Ben Roberts-Smith to learn defamation fate
Almost 11 months after his lengthy trial, Victoria Cross recipient Ben Roberts-Smith will soon learn whether his defamation case over war crimes reports has been successful.
The former SAS corporal sued The Age, The Sydney Morning Herald and The Canberra Times in the Federal Court over 2018 reports claiming he committed war crimes in Afghanistan including murder, and acts of bullying and domestic violence.
The 43-year-old has denied all claims of wrongdoing, while the newspapers defended them as true.
Justice Anthony Besanko will hand down his judgment on June 1.
As the hearing wrapped up last year, Mr Roberts-Smith's barrister Arthur Moses SC described his client as a highly trained and experienced soldier whose reputation or courage, skill and decency had been "destroyed" by the media reports.
Elite soldiers who gave evidence against Mr Roberts-Smith were liars and gossips who were bitter and jealous over the ex-corporal's award of Australia's highest military honour for his role in the battle of Tizak in Afghanistan in 2010, Mr Moses said.
In the publications, Mr Roberts-Smith is alleged to have been a war criminal complicit in six murders in Afghanistan, a violent bully to his soldier comrades, and a domestic abuser to his mistress.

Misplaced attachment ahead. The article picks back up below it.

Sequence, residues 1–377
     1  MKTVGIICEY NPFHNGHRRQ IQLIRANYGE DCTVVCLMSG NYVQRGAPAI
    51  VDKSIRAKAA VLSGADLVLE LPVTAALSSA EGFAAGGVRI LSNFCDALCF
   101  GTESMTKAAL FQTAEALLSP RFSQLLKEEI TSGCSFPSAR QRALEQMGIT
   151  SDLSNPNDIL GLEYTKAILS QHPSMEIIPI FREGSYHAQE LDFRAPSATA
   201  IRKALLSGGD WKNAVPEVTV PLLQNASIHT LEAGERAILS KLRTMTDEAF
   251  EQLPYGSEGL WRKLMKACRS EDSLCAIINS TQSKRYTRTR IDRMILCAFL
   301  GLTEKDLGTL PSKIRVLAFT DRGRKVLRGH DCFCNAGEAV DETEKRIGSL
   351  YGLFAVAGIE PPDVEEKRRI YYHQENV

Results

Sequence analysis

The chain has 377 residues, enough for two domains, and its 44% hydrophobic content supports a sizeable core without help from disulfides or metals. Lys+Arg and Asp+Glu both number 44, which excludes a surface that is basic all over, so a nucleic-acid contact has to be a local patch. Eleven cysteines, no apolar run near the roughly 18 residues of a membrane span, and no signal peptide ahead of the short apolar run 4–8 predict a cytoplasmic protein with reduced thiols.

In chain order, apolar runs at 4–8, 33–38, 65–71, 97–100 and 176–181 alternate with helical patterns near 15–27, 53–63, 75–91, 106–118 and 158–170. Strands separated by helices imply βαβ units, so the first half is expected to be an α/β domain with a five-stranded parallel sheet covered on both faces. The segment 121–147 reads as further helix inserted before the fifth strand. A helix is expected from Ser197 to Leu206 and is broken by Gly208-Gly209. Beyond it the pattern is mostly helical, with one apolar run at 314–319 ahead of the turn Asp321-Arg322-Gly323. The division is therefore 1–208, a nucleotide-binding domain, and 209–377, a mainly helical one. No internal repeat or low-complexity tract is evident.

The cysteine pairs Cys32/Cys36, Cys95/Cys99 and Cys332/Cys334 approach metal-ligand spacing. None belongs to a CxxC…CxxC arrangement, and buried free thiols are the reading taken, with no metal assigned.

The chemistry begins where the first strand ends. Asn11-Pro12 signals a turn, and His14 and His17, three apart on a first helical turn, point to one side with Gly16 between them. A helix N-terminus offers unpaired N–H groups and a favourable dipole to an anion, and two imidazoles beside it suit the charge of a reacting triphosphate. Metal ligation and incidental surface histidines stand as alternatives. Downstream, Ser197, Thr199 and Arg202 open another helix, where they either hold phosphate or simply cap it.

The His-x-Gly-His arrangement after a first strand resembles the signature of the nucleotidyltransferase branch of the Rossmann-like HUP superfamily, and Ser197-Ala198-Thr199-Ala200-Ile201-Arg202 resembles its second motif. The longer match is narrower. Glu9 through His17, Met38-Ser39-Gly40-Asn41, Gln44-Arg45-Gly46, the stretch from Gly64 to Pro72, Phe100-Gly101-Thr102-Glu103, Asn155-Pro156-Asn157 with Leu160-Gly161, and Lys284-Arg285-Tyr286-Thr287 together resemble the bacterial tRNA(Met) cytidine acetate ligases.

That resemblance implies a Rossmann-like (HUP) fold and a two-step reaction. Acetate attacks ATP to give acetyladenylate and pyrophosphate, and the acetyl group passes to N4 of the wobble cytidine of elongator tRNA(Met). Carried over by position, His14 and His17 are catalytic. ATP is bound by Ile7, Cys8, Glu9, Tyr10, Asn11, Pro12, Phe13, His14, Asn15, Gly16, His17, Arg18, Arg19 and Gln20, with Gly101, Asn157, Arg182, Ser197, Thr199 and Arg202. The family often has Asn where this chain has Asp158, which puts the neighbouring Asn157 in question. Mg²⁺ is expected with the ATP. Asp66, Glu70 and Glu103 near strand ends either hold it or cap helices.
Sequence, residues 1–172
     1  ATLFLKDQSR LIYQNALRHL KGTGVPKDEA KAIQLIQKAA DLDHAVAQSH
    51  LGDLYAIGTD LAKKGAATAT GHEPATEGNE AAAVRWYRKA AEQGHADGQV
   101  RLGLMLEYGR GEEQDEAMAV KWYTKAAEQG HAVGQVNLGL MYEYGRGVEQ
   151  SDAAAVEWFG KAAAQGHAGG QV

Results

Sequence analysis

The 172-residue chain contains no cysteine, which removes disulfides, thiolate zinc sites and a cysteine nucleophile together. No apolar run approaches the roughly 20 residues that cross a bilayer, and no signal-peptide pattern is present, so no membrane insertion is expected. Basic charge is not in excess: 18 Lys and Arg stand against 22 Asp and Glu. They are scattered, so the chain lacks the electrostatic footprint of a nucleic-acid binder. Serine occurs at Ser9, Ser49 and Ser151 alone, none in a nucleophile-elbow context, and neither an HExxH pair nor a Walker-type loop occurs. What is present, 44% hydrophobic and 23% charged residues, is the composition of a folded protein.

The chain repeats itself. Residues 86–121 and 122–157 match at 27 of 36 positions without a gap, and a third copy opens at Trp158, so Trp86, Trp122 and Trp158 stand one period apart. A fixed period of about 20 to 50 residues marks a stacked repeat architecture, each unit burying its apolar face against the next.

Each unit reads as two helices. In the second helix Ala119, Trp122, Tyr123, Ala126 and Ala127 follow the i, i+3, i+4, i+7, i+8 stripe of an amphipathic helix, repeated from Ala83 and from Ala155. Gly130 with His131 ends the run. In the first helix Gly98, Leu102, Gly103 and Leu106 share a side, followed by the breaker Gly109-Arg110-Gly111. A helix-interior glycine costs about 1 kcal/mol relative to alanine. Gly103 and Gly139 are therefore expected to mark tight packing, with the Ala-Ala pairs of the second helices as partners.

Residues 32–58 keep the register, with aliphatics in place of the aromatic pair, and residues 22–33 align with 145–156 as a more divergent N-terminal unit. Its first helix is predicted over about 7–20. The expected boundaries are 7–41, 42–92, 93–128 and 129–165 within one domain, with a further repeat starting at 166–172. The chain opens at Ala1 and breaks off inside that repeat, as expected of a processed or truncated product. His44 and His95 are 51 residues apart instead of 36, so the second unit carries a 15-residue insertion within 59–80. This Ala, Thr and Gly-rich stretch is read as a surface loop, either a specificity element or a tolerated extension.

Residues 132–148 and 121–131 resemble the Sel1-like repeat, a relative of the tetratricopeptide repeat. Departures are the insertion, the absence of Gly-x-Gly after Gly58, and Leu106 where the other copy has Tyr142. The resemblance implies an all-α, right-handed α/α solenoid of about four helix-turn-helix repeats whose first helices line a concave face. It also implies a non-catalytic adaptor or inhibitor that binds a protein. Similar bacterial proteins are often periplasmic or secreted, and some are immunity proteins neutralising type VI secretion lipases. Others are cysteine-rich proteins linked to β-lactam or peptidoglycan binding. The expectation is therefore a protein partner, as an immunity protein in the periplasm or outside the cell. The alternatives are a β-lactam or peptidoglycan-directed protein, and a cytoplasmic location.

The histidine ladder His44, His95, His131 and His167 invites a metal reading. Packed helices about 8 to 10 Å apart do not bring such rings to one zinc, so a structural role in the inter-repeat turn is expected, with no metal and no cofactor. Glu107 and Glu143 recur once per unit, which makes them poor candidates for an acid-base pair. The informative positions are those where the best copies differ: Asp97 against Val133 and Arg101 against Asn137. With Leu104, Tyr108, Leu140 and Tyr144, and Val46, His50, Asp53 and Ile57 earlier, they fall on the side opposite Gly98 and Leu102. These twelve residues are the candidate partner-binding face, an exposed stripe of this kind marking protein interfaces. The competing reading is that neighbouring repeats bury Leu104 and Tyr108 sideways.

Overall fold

For one of the allegations, the newspapers rely on the eyewitness account of a former SAS soldier who said he watched the former corporal kick an unarmed prisoner off a cliff before the man was executed below.
Mr Roberts-Smith is seeking aggravated damages of up to 10 years or more in lost income from jobs including a partnership with consulting firm PwC and lucrative public speaking gigs.
He has not been charged over any of this alleged conduct and no findings have been made against him in a criminal court.
The defamation trial spanned over a year, hearing from over 40 witnesses, and wrapped up after eight days of closing addresses on July 27, 2022.
The legal bill alone from the case is estimated to have blown out to about $25 million.
In November 2020, a report into alleged war crimes by special forces in Afghanistan was released finding credible evidence that 39 civilians and prisoners were unlawfully killed by Australian troops while two others were subject to cruelty from 2007 to 2013.
Two years later, more than 40 soldiers were being investigated for their roles in these alleged crimes.
Only one, Oliver Schulz, has been arrested and charged over the allegedly unlawful killing of Dad Mohammad as he lay on his back in a wheatfield in Afghanistan's Uruzgan Province in 2012.
Mr Mohammad's father later made a complaint to the ADF, alleging his son had been shot in the head.
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